The expedition was part of the CODEMAP project, funded by the European Research Council, and received additional support from the NERC MAREMAP programme and DEFRA. Participants included researchers from NOC, University of East Anglia, University of Southampton, CEFAS, the British Geological Survey, IFREMER, National University of Ireland, Galway, and University of Aveiro.
[Attachments] See images for this press release:
ELSE PRESS RELEASES FROM THIS DATE:
ROCHESTER, Minn. - Mayo Clinic researchers have identified a protein marker whose frequency may predict patient response to PD-1 blockade immunotherapy for melanoma. An abstract of their findings was presented today at the American Association for Cancer Research International Cancer Immunotherapy Conference in New York City.
"The discovery of biomarkers of sensitivity are vital not only for informing clinical decisions, but also to help identify which patients with melanoma, and possibly other malignancies, who are most likely to benefit from PD-1 blockade," says Roxana ...
The oil and gas extraction method called hydraulic fracturing remains controversial for multiple reasons, one of which is its water use. But, as scientists report in ACS' journal Environmental Science & Technology Letters, water requirements for the process are potentially lower than those for some other energy-related extraction methods.
Since oil and gas companies ramped up hydraulic fracturing, or fracking, to unlock oil and gas from shale and tight oil formations, reports of earthquakes and contaminated water near wells proliferated. Some environmental experts have ...
Detecting breast cancer in women with dense mammary tissues could become more reliable with a new mammogram procedure that researchers have now tested in pre-clinical studies of mice. In their report in the journal ACS Nano, they describe injecting gold nanoparticles in mammary tissue to enhance the imaging of early signs of breast cancer.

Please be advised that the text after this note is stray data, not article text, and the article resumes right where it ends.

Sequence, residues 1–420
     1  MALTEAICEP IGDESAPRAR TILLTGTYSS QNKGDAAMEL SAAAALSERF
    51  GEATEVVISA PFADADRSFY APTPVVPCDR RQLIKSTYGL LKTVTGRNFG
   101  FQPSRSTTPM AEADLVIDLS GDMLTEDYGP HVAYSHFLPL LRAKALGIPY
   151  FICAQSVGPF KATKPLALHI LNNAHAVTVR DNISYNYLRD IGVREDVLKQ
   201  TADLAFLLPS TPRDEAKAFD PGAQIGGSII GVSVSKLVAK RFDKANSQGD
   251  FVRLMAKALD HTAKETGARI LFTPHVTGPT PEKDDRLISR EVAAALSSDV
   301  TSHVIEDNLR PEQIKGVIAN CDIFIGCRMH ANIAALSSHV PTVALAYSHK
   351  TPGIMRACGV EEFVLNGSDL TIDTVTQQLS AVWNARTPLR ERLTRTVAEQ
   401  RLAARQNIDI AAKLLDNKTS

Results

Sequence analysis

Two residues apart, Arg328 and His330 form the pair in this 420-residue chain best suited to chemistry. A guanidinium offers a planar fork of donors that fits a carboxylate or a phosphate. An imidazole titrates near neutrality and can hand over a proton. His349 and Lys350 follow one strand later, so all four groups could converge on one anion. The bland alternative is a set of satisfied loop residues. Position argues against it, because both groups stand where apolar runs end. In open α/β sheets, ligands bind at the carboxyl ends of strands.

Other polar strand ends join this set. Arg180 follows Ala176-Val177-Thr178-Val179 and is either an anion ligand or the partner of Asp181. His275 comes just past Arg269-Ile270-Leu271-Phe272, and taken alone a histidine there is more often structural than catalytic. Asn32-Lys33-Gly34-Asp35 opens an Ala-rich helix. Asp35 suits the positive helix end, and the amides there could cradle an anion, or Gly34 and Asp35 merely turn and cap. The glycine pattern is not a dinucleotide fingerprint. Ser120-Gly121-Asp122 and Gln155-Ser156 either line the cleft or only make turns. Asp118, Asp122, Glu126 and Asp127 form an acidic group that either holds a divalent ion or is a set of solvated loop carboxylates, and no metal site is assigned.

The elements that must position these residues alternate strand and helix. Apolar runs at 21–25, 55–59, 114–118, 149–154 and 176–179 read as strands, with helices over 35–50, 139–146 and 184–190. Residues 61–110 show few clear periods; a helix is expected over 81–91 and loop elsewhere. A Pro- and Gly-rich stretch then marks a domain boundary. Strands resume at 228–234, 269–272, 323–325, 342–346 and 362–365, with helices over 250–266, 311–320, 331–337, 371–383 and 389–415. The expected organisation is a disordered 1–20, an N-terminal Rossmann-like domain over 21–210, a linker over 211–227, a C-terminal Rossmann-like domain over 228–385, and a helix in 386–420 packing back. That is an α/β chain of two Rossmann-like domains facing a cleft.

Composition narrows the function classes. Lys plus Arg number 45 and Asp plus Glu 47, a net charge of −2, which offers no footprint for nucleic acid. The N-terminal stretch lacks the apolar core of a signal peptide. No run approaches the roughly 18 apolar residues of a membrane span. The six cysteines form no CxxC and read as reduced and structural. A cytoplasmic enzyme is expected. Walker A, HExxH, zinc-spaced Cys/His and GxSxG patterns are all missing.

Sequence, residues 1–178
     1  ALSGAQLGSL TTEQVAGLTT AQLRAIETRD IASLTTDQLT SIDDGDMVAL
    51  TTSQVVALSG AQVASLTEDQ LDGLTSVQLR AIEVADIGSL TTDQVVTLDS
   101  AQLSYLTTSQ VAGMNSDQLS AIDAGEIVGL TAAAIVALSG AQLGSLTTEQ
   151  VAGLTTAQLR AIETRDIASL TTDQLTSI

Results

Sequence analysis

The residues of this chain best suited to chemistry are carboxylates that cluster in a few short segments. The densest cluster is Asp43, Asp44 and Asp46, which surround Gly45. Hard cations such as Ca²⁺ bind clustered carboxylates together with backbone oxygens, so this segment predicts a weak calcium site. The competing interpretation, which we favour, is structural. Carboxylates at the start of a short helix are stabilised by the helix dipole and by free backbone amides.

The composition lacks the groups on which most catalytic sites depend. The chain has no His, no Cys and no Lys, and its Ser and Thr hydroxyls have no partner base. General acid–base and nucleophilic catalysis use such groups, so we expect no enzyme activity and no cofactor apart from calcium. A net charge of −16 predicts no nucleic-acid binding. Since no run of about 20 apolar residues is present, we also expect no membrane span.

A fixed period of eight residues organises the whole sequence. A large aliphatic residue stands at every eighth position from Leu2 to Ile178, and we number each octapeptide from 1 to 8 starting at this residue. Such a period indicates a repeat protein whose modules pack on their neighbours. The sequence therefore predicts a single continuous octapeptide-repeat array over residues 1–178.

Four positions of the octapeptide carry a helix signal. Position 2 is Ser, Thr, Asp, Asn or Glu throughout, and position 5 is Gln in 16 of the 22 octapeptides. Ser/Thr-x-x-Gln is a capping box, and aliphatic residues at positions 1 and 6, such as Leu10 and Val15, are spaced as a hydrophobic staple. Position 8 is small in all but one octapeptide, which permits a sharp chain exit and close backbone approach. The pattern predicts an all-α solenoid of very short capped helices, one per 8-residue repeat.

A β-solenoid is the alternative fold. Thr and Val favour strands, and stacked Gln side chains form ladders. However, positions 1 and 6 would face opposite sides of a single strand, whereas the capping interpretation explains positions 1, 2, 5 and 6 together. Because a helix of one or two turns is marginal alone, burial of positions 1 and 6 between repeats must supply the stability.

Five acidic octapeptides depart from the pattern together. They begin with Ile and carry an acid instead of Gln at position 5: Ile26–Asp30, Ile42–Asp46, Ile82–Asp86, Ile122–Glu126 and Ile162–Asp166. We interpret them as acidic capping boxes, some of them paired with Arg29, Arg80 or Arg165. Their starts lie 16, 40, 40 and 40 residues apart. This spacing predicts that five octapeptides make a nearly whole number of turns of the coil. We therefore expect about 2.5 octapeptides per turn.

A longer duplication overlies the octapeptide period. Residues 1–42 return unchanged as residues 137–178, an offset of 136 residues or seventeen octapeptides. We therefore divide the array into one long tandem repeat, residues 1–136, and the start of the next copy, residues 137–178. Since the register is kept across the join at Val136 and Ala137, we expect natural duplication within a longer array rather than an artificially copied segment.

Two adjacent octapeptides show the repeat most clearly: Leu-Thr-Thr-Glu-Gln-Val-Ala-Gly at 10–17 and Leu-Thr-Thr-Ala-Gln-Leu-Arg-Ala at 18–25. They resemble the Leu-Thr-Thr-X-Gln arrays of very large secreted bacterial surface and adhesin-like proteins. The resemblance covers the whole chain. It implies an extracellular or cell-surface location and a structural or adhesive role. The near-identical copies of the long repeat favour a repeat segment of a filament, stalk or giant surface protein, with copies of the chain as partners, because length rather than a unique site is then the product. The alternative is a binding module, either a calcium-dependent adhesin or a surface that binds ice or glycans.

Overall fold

Mammography remains the clinical gold standard of screening tests for detecting breast cancer. However, a recognized limitation of this X-ray procedure is that dense breast tissue shows up as white masses and fibers on an image, ...
Citizen science is taking off and could make a difference at regional and national regulatory levels. But not everyone thinks that's a good idea. The cover story of Chemical & Engineering News (C&EN), the weekly newsmagazine of the American Chemical Society, delves into the progress of the budding movement, as well as the pushback.
Steven K. Gibb, senior editor at C&EN, reports that in some states, regulators actively encourage and support local residents' participation in environmental monitoring. For example, Maryland's Department of the Environment and Department ...
Fossils tell amazing stories and inspire them, too -- just think of this summer's "Jurassic World" blockbuster. But because some of the processes that preserve fossils are not well understood, there's still more information that they could reveal. Now scientists report in ACS' journal Analytical Chemistry a new way to probe fossils to find out how these ancient remains formed in greater detail than before.